Over the next few weeks, and very possibly months, we will have to get used to a new way of living. So how do we adjust to a Church without public Masses? How can we help the most vulnerable? And might there be opportunities to live better lives than we did before? This week, six writers offer their suggestions for thriving in a lockdown. Here, Sophie Caldecott writes on spending wisely.
While the economic impact of global quarantine looks undeniably bleak, there could be a silver lining: what if we treat this situation as a wake-up call, an opportunity to change the way we live and shop for the better?
This disruption provides us all with the unique opportunity to pause and think about what kind of world we’d like to see on the other side. As small businesses face the crippling financial repercussions of Covid-19, it’s more important than ever to be a conscious consumer. If you’re still getting a regular income, the way you choose to spend it can help keep those who don’t have a guaranteed source of income afloat during these difficult times.
Businesses connected with the performing arts, events, tourism and hospitality are likely to be among the hardest hit right now. If you possibly can, consider postponing instead of cancelling any bookings you had made before the travel restrictions came into place. That empty social calendar doesn’t have to stay empty forever; supporting these businesses now means that they might still be around when the danger of Covid-19 passes.
Another practical way to help is to buy vouchers for your favourite local independent restaurant, café, gallery, hotel, or theatre that you can use once the pandemic has passed – something to look forward to for you, and a lifeline during a tough financial time for them. Find out if any local restaurants are offering a takeaway service during their closure, so that you can enjoy the occasional pre-cooked meal at home during quarantine. If you attend a regular class, have a monthly gym or other membership, or provide financial support to your church via donations in the collection plate, consider whether you can stay signed up and keep paying your dues online to tide them over through this difficult time.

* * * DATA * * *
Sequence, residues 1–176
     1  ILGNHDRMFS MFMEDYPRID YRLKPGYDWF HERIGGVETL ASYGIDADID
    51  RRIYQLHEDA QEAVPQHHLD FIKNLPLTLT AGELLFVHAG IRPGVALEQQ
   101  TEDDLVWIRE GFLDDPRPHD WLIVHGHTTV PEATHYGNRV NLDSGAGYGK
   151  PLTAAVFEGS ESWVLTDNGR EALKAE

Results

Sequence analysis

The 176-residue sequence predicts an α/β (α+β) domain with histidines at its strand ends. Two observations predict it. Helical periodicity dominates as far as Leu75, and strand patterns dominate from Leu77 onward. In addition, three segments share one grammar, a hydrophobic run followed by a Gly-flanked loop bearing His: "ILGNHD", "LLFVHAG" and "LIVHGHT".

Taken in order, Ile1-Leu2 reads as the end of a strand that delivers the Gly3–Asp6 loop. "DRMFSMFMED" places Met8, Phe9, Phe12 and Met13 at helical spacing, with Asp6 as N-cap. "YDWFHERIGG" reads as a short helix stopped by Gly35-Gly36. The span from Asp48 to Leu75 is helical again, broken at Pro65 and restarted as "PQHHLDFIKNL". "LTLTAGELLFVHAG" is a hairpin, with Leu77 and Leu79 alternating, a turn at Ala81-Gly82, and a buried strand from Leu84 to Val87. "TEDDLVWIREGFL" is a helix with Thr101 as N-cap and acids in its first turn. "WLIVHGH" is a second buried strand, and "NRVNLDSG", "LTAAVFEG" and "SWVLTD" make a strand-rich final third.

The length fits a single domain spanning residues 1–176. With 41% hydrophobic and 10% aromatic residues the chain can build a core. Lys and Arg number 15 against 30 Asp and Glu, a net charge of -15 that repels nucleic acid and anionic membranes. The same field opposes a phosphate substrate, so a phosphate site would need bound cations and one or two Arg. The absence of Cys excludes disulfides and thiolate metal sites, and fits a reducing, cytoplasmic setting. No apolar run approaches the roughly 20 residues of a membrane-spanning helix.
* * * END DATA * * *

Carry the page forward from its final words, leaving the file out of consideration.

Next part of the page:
Support small businesses by shopping from independent makers and craftspeople online whenever possible; find out if the local shops and markets you usually visit in person have a website, and find out what they’re offering in terms of delivery and click-and-collect services. Many will be sharing news and updates about how their customers can support them and keep using their services.
Following your favourite businesses on social media, liking and sharing their posts, signing up for their email newsletters, giving them positive feedback, and leaving them positive reviews can have a deeper impact than you might think. As well as boosting morale, all of these little things help increase someone’s visibility online, which in turn will help other people to find them.
Finally, being a conscious consumer during the Covid-19 pandemic also means only buying what you actually need. Trust that there will be enough essential goods to go around in the long term, and don’t stockpile food and key household items. We’ve all seen the empty shelves and heard stories of vulnerable elderly people and exhausted NHS workers struggling to find necessary supplies.
Most shops now have restrictions on the number of single items you can buy, but even with those rules in place, ask yourself if you actually need something before you buy it, and never buy in excess of your needs. If you do find yourself with a little extra, consider donating to your local food bank to help out people in your community who don’t have enough.
The empty shelves in our local supermarkets are a sign of the power of collective panic, but they’re also a sign of the collective positive power we could have as consumers. Let’s choose hope over panic. Never has there been a better time in history to vote with your wallet – so choose wisely.
Sophie Caldecott is a freelance writer. See sophiecaldecott.com